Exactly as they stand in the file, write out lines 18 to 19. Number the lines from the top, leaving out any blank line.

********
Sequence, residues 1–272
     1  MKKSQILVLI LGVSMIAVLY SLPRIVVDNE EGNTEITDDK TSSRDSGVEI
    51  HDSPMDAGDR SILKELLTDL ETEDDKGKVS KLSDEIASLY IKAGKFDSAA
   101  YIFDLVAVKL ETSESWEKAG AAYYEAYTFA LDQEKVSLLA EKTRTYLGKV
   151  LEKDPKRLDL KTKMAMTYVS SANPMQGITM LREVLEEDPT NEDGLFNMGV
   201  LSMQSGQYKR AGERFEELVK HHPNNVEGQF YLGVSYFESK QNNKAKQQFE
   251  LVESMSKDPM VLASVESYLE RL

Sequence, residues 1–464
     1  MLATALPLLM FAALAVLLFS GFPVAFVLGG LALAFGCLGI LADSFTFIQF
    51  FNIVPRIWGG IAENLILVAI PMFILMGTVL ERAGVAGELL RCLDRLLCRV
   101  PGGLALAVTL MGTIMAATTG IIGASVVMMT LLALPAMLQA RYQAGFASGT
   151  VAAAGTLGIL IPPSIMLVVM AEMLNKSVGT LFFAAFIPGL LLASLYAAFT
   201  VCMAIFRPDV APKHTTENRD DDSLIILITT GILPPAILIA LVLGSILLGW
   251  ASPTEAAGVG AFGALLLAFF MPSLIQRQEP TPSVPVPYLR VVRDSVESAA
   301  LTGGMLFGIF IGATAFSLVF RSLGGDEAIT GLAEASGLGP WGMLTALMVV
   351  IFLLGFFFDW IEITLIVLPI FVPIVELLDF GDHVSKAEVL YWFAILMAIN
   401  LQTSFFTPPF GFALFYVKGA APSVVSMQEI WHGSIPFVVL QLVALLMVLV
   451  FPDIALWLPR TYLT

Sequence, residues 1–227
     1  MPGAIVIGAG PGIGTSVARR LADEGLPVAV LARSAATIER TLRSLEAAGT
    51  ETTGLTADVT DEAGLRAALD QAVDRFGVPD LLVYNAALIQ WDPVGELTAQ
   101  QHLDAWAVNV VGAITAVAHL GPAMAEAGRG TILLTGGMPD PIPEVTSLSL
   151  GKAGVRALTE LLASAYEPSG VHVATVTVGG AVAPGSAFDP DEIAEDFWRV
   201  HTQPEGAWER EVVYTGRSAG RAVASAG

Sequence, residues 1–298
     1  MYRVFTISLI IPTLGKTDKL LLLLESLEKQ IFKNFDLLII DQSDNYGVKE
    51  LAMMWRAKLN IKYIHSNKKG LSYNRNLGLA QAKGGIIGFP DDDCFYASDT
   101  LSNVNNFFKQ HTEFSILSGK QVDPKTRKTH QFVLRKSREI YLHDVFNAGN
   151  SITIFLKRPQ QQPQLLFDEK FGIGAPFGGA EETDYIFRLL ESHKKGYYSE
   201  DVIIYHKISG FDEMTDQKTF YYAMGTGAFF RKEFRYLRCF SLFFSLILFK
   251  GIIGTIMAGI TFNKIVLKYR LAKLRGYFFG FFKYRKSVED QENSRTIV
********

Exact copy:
   451  FPDIALWLPR TYLT

Sequence, residues 1–227